When I first arrived in Little Rock on May 21 of last year, I knew precious little about the region and the state of Arkansas in general. I knew that Bill Clinton had been governor of this state before becoming the 42nd president of the United States, and that he had been born in Hope. And that was about it.
During the last 25 years, I have made many journalistic “pit stops” all over the Southwest, Northwest and Midwest. Everywhere I've lived and worked, I've encountered more or less the same stories from immigrants I interviewed: Something about how a relative or friend, back in the old country (be it Mexico or some other Central American or South American nation), had related to them how it was possible to earn a much better wage, and access a much higher standard of living, in some city in California, or Texas, or Oregon, or Kansas, or any of the other states traditionally associated with Latin American immigrants.
Their beliefs, based on information they'd gotten from people who'd never been to the U.S., were almost like fairytales: When they got to their destination in the southwest, they thought, they would encounter money growing on trees, sweet manna falling from the sky, and untold riches would shower them in no time at all. I interviewed them shortly after they had arrived, whether it was right on the border, in El Paso, Texas; Albuquerque, N.M.; Pueblo, Colo., or in Stockton, Fresno, or some other town in the San Joaquin Valley in northern California.
The immigrants I interviewed in Little Rock did not come here directly. Most had first arrived in California, but some came here from Chicago, or Florida, and a few from as far away as New York. It was after months, or years, that they made their way to Little Rock. Like me, most of them had never heard of Little Rock — or Arkansas, for that matter — before arriving here. Unlike me, they came here fleeing from insidious gang violence, interracial strife, and disappearing or dead-end jobs.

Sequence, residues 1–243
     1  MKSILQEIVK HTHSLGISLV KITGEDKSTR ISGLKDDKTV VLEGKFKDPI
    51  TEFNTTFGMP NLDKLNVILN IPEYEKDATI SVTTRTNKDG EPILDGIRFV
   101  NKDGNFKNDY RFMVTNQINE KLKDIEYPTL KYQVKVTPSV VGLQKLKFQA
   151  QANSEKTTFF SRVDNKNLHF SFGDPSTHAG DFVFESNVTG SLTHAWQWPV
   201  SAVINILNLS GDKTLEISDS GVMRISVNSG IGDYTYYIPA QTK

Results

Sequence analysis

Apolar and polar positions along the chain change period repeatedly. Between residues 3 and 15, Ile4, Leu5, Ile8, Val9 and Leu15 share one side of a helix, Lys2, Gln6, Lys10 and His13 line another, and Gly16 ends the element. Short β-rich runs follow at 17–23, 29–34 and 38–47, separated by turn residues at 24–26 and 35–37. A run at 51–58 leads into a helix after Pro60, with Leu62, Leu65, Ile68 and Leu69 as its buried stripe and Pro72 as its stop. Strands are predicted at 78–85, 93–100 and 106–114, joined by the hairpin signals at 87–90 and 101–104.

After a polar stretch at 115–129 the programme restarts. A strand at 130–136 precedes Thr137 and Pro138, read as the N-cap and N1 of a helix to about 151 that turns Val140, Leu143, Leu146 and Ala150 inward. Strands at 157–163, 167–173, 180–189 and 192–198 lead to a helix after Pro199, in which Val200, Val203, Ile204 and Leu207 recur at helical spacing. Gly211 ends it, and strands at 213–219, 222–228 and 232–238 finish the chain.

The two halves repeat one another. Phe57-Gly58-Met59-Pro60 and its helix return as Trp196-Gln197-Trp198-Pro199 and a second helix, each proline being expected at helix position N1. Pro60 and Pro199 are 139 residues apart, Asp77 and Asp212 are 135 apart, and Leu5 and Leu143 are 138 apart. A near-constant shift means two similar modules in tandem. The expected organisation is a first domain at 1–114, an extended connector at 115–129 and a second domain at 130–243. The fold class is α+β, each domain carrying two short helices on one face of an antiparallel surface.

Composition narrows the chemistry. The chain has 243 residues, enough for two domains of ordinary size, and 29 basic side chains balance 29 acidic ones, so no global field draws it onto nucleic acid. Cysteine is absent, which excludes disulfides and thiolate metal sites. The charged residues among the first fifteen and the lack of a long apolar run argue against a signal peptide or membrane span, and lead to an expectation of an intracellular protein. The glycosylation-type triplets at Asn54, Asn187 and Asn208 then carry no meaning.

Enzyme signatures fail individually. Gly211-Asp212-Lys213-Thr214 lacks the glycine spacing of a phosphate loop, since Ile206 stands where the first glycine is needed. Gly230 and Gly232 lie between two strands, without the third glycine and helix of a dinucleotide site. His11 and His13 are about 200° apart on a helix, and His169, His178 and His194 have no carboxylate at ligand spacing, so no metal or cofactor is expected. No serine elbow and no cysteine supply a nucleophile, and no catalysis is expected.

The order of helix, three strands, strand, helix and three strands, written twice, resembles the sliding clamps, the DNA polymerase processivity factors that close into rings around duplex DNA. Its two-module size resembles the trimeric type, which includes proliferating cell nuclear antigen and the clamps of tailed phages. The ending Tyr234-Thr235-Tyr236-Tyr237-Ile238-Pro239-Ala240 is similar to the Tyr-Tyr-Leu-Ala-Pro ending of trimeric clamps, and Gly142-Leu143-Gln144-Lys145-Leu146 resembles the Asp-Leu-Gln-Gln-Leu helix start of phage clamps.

All the Latin American immigrants I have interviewed here have told me that they are thankful they found Little Rock, since it has provided them with jobs that they can live on, and a peaceful, family-friendly lifestyle they most definitely did not find at their first destinations.
Many of them, especially the ones from Central American countries, are wary and do not volunteer information easily (many of them have been deported before by la migra, the border patrol and immigration authorities, and therefore do not trust strangers, even if they do speak Spanish). But once I got past their justified mistrust, I was able to glean that most of them are savvy about the way things work in the U.S., and do not cling to any misguided rags-to-riches, pie-in-the-sky fantasies.
One Central American man in his sixties, Walter Alvarez, summed it up best when he told me, about a week after my arrival in Little Rock, that while it might be true that the construction job he had at the moment was not very well paid, and that in some instances in the past he feels that he has been exploited, “Still, even so, my current economic situation is better than what it was in the past, and certainly much, much better than what it was in my native country. Look, let's be honest here: People often say that we, the undocumented Latin American immigrants, are exploited in this country. But we've been exploited all our lives, and the first ones that exploited us were our own countrymen, back in our native lands. That's why we elected to leave, because we had no future there, other than to starve to death. We have passed from being los de abajo [the ones at the bottom rung of society] and los olvidados [the forgotten ones] in our countries to being los invisibles [the invisible ones] in this country. But we like our invisibility. It keeps us out of harm's way and allows us to work and live in peace here. That's why many of us live in trailer parks, because they're invisible, and we like it that way.”